The Oregon Legislature recently passed the Oregon Equal Pay Act of 2017, formally known as House Bill 2005. It was signed into law by the Governor last week. The majority of the bill’s provisions are scheduled to go into effect on January 1, 2019.
House Bill 2005 prohibits discrimination in the payment of wages or other forms of compensation to employees on the basis of a protected class for work of comparable character. It also prohibits the payment of wages or other compensation to any employee at a rate greater than that at which the employer pays wages or other compensation to employees of a protected class for work of comparable character. The bill defines protected classes as race, color, religion, sex, sexual orientation, national origin, marital status, veteran status, disability or age.
Furthermore, the bill prohibits the screening of job applicants based on current or past compensation and also prohibits the determining of compensation for a position based on current or past compensation of a prospective employee. It makes it unlawful for an employer to request the salary history of an applicant. This last provision is the only one currently scheduled to be enforced beginning in early September 2017.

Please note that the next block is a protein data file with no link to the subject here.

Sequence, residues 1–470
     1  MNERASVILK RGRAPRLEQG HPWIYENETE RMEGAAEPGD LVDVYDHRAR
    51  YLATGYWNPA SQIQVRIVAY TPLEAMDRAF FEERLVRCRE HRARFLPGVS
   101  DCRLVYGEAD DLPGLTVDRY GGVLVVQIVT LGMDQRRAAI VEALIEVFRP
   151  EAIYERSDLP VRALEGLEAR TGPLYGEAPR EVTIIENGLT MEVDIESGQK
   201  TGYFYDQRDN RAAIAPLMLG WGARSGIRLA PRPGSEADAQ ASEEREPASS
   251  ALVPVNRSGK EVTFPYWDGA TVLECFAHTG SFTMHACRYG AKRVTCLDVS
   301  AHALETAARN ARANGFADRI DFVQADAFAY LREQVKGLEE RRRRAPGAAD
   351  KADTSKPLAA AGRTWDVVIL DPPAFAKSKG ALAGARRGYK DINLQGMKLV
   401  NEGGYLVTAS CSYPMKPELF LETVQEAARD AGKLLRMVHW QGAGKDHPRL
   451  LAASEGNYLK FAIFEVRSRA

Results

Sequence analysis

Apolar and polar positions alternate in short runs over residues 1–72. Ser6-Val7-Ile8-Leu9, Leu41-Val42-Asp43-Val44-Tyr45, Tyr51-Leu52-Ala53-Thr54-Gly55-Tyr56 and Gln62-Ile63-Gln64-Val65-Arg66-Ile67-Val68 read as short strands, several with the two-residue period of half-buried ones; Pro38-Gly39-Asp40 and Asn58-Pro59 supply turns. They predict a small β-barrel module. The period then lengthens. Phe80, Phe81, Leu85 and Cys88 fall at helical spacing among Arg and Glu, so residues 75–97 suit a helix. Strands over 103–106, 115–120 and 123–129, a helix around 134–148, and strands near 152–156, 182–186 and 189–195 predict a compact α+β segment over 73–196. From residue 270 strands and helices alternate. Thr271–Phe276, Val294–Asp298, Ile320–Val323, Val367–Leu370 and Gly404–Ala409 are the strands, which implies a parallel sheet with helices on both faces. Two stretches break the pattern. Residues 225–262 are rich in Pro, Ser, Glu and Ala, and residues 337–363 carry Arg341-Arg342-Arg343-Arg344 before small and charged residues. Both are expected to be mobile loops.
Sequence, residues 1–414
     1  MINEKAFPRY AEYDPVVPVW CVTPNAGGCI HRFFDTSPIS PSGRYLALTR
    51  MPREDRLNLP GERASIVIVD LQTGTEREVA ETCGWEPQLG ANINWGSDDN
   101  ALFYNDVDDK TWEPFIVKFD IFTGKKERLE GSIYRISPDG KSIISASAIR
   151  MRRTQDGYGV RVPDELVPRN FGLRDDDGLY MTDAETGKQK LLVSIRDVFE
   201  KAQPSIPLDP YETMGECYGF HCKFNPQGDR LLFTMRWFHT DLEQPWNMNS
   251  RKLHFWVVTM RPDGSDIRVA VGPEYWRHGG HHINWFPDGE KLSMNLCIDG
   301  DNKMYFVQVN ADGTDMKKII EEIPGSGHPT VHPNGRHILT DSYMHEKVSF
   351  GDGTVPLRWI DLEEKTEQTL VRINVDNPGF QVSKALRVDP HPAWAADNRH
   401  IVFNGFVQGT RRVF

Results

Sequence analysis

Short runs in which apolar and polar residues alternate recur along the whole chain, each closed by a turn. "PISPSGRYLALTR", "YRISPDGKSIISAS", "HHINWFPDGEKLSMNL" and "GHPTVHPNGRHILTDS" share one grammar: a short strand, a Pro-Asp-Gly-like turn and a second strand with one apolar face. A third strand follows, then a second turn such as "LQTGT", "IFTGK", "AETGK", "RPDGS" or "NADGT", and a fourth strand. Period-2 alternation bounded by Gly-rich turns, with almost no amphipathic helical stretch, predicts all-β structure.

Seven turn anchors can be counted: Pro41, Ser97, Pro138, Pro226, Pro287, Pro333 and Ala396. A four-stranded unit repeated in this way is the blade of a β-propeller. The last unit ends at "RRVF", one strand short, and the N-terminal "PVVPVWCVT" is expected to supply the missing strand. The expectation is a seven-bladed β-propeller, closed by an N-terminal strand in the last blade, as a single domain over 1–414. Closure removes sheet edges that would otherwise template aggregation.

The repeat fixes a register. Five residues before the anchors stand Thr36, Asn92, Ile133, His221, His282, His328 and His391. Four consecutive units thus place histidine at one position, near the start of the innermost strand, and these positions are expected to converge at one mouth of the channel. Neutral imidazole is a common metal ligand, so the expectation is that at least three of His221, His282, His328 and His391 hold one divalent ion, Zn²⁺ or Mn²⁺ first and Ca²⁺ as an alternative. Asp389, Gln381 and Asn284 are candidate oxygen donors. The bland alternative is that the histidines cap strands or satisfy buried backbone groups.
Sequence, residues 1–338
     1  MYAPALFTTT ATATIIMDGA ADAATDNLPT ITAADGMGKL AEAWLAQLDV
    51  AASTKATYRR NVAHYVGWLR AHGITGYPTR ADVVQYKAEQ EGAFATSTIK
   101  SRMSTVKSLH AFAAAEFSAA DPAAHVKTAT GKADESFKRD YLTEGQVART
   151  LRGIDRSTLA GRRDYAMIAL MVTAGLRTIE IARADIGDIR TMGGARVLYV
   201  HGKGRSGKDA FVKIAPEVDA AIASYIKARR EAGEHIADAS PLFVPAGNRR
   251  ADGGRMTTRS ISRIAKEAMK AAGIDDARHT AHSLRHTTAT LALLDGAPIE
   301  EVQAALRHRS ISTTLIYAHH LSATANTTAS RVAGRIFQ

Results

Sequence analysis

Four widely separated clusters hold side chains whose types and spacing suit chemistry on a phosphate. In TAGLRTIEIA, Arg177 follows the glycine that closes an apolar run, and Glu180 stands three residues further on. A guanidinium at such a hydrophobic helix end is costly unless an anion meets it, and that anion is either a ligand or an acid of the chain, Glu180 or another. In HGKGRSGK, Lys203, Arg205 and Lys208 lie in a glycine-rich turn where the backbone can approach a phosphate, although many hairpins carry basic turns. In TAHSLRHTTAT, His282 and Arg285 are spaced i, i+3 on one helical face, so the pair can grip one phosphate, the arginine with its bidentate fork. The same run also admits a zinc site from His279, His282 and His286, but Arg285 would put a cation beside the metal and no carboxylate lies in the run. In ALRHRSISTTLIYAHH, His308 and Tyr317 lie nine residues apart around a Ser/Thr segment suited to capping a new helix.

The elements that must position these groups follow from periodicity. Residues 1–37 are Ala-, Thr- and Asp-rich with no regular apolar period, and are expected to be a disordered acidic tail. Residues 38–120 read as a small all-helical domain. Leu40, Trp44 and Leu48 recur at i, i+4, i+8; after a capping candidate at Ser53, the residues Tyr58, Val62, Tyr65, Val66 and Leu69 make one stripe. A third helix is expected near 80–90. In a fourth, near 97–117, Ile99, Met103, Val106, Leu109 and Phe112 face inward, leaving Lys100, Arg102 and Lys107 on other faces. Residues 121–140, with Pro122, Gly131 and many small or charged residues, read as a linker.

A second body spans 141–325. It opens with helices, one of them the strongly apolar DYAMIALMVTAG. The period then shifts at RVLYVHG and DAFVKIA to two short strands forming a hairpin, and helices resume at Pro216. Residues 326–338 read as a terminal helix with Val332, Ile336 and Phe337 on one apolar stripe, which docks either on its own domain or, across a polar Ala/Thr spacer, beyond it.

The bill does allow an employer to pay employees for work of comparable character at different compensation levels if all of the difference in compensation levels is based on a bona fide factor that is related to the position and is based on the following:
- A seniority system;
- A merit system;
- A system that measures earnings by quantity or quality of production, including piece-rate work;
- Workplace locations;
- Travel, if travel is necessary and regular for the employee;
- Experience; or
- Any combination of the factors described in this subsection, if the combination of factors accounts for the entire compensation differential.
Xenium will continue to monitor the progress of this bill and will share updates as they occur.